NY Contractor Sentenced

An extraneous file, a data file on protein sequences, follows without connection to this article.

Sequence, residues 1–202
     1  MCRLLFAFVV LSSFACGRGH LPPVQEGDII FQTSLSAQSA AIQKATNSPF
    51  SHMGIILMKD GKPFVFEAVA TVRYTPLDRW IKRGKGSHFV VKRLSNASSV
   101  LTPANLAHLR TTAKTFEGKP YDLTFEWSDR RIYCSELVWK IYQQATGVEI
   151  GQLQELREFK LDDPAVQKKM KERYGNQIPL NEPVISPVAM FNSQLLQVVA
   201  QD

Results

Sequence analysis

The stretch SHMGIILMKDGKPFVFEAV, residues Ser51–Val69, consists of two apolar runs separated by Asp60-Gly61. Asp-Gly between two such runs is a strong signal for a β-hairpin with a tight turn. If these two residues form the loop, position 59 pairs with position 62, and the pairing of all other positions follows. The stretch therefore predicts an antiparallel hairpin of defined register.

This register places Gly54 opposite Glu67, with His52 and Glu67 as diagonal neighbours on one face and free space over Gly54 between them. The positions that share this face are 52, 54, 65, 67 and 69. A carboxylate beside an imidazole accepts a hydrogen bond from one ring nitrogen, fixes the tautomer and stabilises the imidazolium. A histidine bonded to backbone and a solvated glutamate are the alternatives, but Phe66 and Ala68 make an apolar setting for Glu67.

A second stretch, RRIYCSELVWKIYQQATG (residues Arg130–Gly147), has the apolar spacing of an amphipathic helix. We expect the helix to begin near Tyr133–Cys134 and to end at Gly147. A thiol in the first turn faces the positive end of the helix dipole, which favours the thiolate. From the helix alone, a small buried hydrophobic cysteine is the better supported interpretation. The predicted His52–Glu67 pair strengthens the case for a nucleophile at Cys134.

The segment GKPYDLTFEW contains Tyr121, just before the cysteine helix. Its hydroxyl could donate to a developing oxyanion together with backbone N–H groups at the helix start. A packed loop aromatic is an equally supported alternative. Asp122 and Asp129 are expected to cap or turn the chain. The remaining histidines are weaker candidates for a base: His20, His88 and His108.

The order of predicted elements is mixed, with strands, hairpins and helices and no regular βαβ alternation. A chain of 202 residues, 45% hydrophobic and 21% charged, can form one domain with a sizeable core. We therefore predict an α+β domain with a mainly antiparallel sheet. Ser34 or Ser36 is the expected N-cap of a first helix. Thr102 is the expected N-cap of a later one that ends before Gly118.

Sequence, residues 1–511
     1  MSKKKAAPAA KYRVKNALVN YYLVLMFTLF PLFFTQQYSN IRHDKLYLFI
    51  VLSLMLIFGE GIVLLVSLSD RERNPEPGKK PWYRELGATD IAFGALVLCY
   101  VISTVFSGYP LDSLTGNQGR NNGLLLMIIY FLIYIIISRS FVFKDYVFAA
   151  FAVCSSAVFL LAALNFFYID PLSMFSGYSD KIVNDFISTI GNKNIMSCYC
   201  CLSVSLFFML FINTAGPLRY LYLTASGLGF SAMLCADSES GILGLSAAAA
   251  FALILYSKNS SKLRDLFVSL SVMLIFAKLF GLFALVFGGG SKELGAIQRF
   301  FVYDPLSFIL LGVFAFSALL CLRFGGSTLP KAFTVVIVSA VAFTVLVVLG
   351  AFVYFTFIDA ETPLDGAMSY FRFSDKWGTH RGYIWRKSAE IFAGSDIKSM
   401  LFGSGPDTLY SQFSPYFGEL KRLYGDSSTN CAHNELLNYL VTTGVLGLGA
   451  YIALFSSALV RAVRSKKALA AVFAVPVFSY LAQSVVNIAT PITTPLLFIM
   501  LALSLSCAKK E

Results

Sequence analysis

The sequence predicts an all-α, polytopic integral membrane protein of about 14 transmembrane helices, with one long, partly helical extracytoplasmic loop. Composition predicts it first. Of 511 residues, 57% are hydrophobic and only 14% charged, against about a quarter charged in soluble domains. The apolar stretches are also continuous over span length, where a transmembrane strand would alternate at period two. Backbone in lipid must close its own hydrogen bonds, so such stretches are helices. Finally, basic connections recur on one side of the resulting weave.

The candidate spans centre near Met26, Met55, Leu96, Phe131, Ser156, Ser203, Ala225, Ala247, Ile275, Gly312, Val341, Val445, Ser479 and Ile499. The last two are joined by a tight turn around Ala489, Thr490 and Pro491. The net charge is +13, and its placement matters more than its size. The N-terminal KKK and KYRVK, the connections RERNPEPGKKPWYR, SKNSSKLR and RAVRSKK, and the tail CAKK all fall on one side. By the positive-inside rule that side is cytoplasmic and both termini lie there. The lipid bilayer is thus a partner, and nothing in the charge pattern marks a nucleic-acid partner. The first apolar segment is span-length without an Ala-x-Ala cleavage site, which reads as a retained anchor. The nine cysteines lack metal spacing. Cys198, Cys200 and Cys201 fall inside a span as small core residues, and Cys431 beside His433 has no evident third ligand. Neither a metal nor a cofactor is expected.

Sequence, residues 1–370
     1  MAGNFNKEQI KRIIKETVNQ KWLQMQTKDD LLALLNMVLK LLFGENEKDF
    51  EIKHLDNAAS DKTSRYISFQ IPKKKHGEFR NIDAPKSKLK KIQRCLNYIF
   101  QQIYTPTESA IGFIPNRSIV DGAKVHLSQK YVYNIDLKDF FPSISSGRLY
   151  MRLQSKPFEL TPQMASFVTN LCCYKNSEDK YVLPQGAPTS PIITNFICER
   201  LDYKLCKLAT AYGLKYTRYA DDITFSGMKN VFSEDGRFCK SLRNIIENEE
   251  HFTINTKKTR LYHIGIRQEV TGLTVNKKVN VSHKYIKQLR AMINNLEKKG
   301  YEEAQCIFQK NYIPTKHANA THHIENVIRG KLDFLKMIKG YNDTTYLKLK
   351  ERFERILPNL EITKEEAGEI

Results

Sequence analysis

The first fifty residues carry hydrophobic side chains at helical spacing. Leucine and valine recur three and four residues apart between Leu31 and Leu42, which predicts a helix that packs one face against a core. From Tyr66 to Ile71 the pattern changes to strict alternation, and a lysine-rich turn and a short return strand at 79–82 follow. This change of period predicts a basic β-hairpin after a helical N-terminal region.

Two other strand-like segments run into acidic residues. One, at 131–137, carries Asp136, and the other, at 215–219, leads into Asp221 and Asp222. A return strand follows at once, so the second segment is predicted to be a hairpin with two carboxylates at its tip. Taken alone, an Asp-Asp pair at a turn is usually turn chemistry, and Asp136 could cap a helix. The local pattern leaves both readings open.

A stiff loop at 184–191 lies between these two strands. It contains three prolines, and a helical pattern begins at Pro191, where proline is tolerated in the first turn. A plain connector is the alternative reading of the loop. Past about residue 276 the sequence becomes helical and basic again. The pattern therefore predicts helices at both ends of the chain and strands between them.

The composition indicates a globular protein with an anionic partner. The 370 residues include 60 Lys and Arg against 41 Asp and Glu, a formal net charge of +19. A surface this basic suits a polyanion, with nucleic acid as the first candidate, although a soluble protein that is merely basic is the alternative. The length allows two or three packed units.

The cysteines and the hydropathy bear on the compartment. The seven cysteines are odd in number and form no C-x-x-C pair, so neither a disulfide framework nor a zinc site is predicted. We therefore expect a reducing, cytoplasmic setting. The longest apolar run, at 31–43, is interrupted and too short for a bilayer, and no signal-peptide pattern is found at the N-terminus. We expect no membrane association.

The Associated Press reports that “A contractor in western New York has been sentenced to six years in prison for violating the Clean Air Act and exposing workers and the public to toxic asbestos during a demolition project at a hospital.” According to federal prosecutors, workers lacking protective suits saw the asbestos at this hospital project fall “like snow,” the AP reports. The United States Environmental Protection Agency’s Clean Air Act aims to protect human health and the environment by reducing toxic air pollutant emissions known to cause serious disease and cancer, reducing outdoor air pollution, and ending the production of ozone-damaging chemicals.  The 1990 Clean Air Act, the most recent version of this 40-year-old law, calls for the regulation of a number of dangerous chemicals, including asbestos. Asbestos exposure has been linked to a number of lethal respiratory diseases and cancers, including asbestosis, lung cancer, and mesothelioma. Once disturbed, this mineral’s tiny fibers can easily be inhaled or ingested, becoming trapped in the lungs and other internal tissues where they can cause dangerous scarring and irritation. Mesothelioma, arguably the most lethal disease associated with asbestos exposure, generally develops after a long latency period of 20 to 50 years. Unfortunately, this disease currently has no cure, presenting patients with an extremely short life expectancy of four to 18 months after diagnosis. Following work done at this Rochester, New York hospital, all of Gordon-Smith’s employees may now be at risk for developing this lethal cancer. The news source explains that in November “Keith Gordon-Smith and his company, Gordon-Smith Contracting,” was convicted of violations in the removal of asbestos, as well as lying to officials to conceal these violations. According to the AP, these violations “occurred between January 2007 and February 2009 at the Genesee Hospital complex in Rochester.” The AP reports that following “a two-day hearing, U.S. District Judge Charles Siragusa also fined Gordon-Smith $1,100 at sentencing Wednesday and ordered his now-defunct company to pay $4,400 in special assessments.”
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